“My brethren, count it all joy when ye fall into divers temptations;” Now the word ‘temptations’ is unfortunate. I trust that maybe the newer translations… does anybody have‘testing’ in your Bible? Okay, that’s what it really should be. It wasn’t temptation to sin, but it was the testing of persecution.
Now again, like I told you in one of the earlier programs, some people will think these letters are written to Jews contemporary with the writers, early Jewish believers, recently scattered out of Jerusalem, which is certainly apropos. But many think that these letters are written to Jews who would be believers during the seven years of Tribulation. Well, I say it’s both. Because you see, these Jews scattered throughout the Roman Empire and were certainly under horrible persecution from their own people as well as from the pagan world. But it’s also going to be a time of testing for Jewish believers who find themselves in the Tribulation.
So remember, these little Jewish epistles at the back are written primarily to encourage Jewish believers under the pressures of persecution and hatred. And when you look at the two possibilities (and that’s why I’ve been putting all of this on the timeline), all of the Old Testament prophecies come right down the pike, one right after the other, with no hint of a 2,000 year interruption of a Church Age.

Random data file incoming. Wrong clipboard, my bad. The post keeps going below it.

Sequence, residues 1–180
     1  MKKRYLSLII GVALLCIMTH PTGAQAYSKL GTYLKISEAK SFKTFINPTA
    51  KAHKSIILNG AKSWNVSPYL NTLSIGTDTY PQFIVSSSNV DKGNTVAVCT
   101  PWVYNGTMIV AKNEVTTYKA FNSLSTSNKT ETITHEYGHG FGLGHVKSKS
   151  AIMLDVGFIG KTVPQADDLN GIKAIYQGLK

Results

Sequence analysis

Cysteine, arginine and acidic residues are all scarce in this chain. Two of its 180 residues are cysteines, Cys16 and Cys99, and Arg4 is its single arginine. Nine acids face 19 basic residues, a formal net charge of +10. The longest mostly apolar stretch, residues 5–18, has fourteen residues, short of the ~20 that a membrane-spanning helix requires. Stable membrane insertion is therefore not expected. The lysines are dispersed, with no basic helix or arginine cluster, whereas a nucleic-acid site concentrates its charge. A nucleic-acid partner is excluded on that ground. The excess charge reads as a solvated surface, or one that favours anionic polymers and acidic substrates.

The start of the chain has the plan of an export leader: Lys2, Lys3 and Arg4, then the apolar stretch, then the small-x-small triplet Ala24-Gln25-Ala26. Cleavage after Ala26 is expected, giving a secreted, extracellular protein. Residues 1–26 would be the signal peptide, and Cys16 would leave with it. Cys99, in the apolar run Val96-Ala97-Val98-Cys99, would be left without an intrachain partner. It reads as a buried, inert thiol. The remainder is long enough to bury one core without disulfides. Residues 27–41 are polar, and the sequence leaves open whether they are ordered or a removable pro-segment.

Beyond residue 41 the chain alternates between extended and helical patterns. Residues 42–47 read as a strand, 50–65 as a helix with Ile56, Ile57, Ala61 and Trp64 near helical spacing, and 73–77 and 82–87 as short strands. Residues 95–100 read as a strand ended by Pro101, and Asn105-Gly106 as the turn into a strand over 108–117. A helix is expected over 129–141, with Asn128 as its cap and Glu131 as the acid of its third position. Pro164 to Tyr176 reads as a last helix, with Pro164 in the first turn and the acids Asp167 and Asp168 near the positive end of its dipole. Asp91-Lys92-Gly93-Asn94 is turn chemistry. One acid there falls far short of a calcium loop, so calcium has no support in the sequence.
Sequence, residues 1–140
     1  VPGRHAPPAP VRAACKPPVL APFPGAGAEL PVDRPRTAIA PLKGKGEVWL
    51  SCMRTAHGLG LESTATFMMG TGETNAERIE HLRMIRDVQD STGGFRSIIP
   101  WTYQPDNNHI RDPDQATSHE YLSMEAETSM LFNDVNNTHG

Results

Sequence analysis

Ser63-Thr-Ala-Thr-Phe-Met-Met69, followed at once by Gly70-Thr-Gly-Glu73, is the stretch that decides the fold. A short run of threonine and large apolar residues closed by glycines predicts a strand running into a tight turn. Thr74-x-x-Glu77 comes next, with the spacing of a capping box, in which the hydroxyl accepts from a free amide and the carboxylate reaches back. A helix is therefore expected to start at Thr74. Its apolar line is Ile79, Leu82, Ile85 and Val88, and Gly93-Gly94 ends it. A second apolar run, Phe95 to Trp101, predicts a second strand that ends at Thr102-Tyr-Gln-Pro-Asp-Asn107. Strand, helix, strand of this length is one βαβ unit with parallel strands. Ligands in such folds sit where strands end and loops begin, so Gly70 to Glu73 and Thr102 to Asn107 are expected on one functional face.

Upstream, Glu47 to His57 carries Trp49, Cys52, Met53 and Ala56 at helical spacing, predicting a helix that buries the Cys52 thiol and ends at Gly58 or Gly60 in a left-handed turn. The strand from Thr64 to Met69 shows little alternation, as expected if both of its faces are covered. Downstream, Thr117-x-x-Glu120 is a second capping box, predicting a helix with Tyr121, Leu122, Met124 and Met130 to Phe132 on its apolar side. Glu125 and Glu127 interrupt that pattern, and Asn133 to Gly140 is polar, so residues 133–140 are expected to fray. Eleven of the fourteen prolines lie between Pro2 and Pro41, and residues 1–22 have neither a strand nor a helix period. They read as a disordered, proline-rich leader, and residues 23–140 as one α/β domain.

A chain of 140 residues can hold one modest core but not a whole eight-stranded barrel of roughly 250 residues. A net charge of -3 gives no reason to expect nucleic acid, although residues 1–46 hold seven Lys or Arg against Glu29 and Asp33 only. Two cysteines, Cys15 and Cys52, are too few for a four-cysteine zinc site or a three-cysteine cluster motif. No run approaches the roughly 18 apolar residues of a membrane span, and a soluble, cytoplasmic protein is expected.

Consequently, every portion of Scripture, except Romans through Philemon, which are directed to the Body of Christ will be directed to this timeline, and hopefully you’ll all remember that, after the call of Abraham, 2000 BC, we have 2,000 years between Abraham and Christ’s first coming of the Old Testament, which is all Jew only with some exceptions, of course. Nineveh, and Rahab and so forth were some of the exceptions, but all of these prophecies were preparing the Nation of Israel for the coming of their Messiah.
Alright, so Christ comes and presents Himself to the Nation of Israel and His three years of earthly ministry and, in spite of all the miracles and wonders and signs, they crucified Him anyway. But God raised Him from the dead, called Him back to the Father’s right hand (Psalms 110, verse 1). And then as we saw in the last program, according to Psalms 2, shortly after His ascension there would come the seven years of wrath, or as we call it, the Tribulation. Then Christ would return to the Mt. of Olives and set up His Kingdom (promised to Israel), and then Israel could be priests of Jehovah and they, in turn, could reach out to the Gentile world. Now that’s the whole Old Testament program in a nutshell.